A: One thing that hit me pretty hard—I go to church and I’m a Christian and I’m saved and all that. But I keep my bible on the dash of my truck. We were with another boy who was staying with us, and we had drove up to this spot that was really deep. We needed to get across it. Several trucks with a lift got across it, but my truck sits lower. It’s just a regular four-wheel-drive Dodge. I was outside assessing the situation, and I got back in there and we made our mind up not to go. But then Regan opened that Bible, and the scripture said to put yourself in a mirror image of what you’re doing. God was trying to tell us that if we were on that side, we’d want somebody to come to us, and He’d take care of the rest. That hit home to me. God, He’s played a major role in my life for many years. I don’t do as good by Him as I should. I’m a firm believer in everything happens for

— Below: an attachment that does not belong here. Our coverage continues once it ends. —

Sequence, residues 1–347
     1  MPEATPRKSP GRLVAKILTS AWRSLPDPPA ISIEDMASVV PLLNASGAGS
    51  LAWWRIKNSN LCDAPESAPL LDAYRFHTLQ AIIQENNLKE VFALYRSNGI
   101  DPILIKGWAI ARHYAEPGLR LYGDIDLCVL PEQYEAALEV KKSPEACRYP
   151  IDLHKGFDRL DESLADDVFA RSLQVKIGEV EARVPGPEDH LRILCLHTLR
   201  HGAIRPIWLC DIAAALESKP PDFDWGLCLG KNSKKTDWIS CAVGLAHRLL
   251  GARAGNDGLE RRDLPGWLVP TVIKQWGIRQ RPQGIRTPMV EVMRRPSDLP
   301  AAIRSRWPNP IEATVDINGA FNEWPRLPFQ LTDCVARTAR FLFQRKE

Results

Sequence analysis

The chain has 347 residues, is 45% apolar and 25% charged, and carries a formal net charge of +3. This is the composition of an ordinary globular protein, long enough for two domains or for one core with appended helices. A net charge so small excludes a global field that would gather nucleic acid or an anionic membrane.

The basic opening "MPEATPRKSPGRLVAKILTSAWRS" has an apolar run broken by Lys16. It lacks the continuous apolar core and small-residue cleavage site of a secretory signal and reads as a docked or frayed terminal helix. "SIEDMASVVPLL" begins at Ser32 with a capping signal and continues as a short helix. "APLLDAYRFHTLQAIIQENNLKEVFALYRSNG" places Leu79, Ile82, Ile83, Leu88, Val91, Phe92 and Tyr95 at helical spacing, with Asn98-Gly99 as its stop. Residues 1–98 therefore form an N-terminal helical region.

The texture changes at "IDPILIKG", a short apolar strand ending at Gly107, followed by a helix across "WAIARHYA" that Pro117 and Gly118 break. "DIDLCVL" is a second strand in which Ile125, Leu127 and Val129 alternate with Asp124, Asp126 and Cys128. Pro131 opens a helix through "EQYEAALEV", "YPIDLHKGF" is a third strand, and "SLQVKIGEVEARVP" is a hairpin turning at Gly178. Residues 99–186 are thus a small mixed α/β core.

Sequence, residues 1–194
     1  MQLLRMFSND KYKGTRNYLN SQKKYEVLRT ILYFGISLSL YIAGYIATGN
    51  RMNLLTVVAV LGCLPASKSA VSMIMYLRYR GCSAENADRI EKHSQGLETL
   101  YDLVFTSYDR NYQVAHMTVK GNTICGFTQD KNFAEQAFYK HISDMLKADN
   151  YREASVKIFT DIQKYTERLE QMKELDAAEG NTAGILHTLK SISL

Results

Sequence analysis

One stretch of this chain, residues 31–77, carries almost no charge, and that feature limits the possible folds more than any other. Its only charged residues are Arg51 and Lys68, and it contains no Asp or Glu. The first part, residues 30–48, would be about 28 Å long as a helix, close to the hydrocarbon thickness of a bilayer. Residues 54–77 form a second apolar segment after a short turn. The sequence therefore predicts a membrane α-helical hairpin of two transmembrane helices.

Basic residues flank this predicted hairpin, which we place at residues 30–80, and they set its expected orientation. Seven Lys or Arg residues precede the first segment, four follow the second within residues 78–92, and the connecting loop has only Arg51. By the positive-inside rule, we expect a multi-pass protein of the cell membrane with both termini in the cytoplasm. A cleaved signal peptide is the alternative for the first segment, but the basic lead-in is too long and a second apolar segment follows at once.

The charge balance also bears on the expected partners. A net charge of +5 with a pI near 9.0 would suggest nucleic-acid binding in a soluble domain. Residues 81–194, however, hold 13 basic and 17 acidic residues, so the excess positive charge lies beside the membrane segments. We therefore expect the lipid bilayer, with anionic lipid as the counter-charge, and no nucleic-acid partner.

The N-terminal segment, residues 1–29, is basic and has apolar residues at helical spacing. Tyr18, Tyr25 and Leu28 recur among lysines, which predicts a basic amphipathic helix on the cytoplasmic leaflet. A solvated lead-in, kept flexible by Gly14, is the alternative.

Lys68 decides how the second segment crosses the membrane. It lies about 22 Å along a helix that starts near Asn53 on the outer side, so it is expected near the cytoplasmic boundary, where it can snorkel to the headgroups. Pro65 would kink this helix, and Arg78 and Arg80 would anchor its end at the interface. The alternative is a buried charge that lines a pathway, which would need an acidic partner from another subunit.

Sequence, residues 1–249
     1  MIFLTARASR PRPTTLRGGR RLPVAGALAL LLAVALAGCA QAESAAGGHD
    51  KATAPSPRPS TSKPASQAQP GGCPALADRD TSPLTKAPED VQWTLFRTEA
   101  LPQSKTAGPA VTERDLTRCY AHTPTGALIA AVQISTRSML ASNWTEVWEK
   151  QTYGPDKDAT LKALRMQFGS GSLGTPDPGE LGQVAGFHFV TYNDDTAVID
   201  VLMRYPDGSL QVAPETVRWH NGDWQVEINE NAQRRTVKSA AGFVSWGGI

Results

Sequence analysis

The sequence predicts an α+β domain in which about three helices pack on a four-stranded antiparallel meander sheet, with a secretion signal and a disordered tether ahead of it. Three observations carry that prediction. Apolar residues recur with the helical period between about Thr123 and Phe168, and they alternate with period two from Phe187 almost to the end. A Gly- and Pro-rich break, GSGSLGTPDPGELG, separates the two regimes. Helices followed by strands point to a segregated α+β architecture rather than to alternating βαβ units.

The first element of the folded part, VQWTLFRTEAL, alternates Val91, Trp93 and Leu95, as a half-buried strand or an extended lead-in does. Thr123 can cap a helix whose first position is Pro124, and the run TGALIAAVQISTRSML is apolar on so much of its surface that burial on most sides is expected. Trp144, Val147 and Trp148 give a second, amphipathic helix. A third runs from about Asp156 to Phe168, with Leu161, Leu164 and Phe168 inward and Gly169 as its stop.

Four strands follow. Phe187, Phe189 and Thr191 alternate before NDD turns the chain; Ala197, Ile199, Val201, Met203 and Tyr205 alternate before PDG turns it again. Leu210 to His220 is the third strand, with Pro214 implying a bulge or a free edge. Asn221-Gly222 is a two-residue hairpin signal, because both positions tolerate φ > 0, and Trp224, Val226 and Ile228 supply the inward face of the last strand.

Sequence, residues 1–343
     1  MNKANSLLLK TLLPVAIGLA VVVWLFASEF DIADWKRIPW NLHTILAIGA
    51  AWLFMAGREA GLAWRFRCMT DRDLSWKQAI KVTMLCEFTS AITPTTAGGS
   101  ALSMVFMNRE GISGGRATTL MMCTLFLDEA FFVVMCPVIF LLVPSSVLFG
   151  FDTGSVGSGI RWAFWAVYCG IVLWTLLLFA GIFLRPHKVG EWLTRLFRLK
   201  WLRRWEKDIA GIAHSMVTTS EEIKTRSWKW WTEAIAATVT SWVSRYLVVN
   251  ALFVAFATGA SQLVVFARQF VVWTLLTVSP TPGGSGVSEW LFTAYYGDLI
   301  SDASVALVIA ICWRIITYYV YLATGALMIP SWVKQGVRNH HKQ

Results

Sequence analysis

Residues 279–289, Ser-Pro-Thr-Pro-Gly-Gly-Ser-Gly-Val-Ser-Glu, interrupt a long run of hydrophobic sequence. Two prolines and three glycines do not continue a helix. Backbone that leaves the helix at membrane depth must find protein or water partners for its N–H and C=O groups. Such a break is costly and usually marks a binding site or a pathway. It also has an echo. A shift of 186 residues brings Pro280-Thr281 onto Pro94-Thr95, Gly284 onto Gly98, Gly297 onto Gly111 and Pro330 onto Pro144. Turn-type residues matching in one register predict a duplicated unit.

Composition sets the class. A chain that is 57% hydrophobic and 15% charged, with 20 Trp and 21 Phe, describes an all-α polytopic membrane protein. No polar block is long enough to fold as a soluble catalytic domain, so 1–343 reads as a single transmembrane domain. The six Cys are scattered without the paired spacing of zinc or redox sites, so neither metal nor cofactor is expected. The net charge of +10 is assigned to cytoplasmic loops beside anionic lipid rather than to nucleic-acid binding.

a reason, and when they told me what they had opened the Bible and read—I knew if I’d have been on the other side I’d have wanted somebody to get to me.
Q: Your wife was there with you, wasn't she?
A: Nicole’s my best friend, so I wanted her to be there with me just in case anything did happen. She’s so handy. They run about 500 head of angus cattle in Canada, and she calves them out in the winter. She trains her own horses. She bogged that water out with us. When we got to a place where there were cattle stranded, we’d have her stay on the land where we had the corrals. We’d snub them up and get them in the pens, and she’d keep the bystanders from messing stuff up.
Q: You get to rope a little in your spare time, don't you?